Prospector's Guide to Diamonds

Diamonds are a Geologist's Best Friend

KIMBERLITE

Kimberlite is just one of several rock types found at the earth's surface that sometimes contains diamonds. More than 40 kimberlites were initially mapped in the Colorado-Wyoming State Line district (1), this was followed by mapping of a small kimberlite blow in the Sheep Rock district (2), a major dike-blow complex in the Iron Mountain district (3), and the mapping of a major lamproite district in the Leucite Hills field (4). During research of this region, hundreds of other anomalies were found.

Highwall exposing (blue-ground) kimberlite breccia at the Kelsey Lake diamond mine, Colorado.

The kimberlites occur as pipes, dikes and blows.  Most appear to be deeply eroded suggsting a possibility for significant diamond placers downstream. Even so, there has been absolutely no exploration for diamond placers in this region although one Ft. Collins prospector recovered diamonds in the early 1970s while looking for gold in Rabbit Creek, another panned a diamond with little effort in George Creek, and placer diamonds were recovered in Fish Creek during exploration of Kelsey Lake (including a 6.2 carat diamond).

Cross section of Colorado-Wyoming kimberlite.

Kimberlites found to date are primarily diatreme facies with lesser hypabyssal facies. Many were initially found based on blue ground exposures, vegetation anomalies, KIMs, mantle nodues, and depressions. Others were found by geophysics which led to the discovery of another group of kimberlite in the State Line district that were found with IMPUT geophysics, but all remain unexplored and none drilled!

Left to right - blue ground at Aultman kimberlite, Wyoming exposed by badger. Drilling at Aultman kimberlite intersects kimberlite at shallow depth (dark gray soil) and granite (reddish soil). Contact exposed at Schaffer kimberlite showing the knife sharp contact between the blue ground kimberlite and the sheared granite.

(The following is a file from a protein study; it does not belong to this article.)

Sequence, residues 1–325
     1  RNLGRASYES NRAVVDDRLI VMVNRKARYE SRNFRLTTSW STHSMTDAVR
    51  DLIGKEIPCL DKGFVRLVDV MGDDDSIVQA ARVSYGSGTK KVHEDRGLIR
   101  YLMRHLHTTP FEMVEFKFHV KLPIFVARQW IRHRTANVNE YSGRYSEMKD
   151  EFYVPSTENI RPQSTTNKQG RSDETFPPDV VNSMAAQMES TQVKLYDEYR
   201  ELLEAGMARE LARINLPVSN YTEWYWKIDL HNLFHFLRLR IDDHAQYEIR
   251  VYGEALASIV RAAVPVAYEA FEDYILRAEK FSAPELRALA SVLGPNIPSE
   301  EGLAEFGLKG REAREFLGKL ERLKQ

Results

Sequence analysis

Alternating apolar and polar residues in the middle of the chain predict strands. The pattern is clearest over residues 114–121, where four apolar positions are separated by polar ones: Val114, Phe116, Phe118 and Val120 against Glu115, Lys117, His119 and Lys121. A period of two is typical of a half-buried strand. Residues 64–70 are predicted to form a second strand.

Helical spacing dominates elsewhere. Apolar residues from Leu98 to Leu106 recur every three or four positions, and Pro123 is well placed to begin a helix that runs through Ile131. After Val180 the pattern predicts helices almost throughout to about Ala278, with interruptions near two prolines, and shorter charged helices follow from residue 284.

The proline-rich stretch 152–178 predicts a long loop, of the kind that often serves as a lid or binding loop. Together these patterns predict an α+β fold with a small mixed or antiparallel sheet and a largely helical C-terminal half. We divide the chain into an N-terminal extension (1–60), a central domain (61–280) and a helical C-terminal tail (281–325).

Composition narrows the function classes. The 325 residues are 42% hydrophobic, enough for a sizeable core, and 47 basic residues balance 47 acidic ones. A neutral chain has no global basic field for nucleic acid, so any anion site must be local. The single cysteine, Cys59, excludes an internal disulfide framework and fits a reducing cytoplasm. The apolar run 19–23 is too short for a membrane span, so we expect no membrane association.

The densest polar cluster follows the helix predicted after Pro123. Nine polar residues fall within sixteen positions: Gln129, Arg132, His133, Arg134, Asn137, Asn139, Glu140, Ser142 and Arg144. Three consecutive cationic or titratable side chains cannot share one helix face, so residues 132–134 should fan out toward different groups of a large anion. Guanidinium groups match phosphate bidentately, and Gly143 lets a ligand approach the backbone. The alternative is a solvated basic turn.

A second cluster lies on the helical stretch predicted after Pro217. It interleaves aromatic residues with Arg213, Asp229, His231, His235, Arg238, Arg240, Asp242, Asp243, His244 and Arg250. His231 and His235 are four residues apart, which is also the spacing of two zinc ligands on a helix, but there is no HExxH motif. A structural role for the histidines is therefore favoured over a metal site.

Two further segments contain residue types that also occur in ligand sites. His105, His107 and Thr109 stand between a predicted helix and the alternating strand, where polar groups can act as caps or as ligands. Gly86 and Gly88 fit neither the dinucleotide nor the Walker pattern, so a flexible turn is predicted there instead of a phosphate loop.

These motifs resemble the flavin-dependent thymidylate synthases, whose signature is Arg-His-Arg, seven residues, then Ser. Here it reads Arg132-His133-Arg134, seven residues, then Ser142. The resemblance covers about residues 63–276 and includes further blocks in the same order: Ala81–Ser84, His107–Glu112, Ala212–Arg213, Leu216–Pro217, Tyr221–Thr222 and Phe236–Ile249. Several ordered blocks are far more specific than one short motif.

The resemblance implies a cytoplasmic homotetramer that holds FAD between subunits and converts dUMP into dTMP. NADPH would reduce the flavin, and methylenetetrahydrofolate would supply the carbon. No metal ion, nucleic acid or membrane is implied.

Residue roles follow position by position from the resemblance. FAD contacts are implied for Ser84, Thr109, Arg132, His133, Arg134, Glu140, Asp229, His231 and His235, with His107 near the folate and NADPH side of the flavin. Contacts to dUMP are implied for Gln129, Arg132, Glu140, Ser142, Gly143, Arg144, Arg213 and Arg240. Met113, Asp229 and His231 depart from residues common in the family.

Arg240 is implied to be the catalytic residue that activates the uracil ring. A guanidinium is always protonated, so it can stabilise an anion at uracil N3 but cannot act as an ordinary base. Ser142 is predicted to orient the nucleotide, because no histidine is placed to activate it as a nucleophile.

Diamond grades of kimberlites range from a trace diamond to 135 carats/100 tonnes based on diamond mills in the district that were inefficient and typically rejected diamonds of all sizes. Thus actual grades are greater. The size of recovered diamonds ranged from micros to the largest diamond - 28.3 carat gemstone.  One fragment from a broken octahedron orignated from a diamond of at least 80 to 90 carats. Much larger diamonds may have been rejected by mills - for instance, the mill at Kelsey Lake Colorado was poorly designed and rejected any diamond >40 carats in weight!  It also rejected smaller diamonds.

Bernie Free poses next to large granite xenolith in mine rib at the Sloan 2 kimberlite, Colorado.

During recent exploration of the region by the author, several hundred cryptovolcanic structures were identified within the State Line district as well as to the south and north. Most are likely kimberlites based on the distinct presence of blue ground, circular to elliptical depressions that are structually controlled, and most enclosing large, rounded boulders. Potentially, 10 to 12 previously unknown kimberlite districts were discovered along with the numerous kimberlites overlooked within the State Line district. It is likely that the Colorado-Wyoming region is underlain by one of the largest kimberlite-lamproite-lamprophyre provinces in the world! 

A few kimberlites in the district had drilled resources. These include the Kelsey Lake group and the Sloan Ranch group of kimberlites.  Because of the large number of kimberlites in this region that are diamondiferous and are deeply eroded, it is estimated that as much as 2,000 feet of the vertical column of the pipes have eroded and their diamond content carried downstream. Thus it is highly likely that streams like Fish Creek, Rabbit Creek, George Creek and many others draining into the Poudre River in Colorado contain millions of diamonds from large to small - some potentially worth several thousand to more than a hundred thousand dollars based on diamonds sold from Kelsey Lake. Diamonds are the hardest natural substance on earth and in southern Africa, have been shown to transport as far as 600 miles from their known source kimberlites in the Kimberley region to the ocean shores along western Africa. Prospecting streams for diamonds in this region of Colorado for many miles downstream could be very productive.

Left - Hypabyssal facies diamondiferous kimberlite at the Sloan Ranch, Colorado. Note the large pyrope megacryst (gem-quality Cape Ruby).

Below - Hypabyssal facies diamondiferous kimberlite with large chromian diopside (Cape Emerald) in matrix.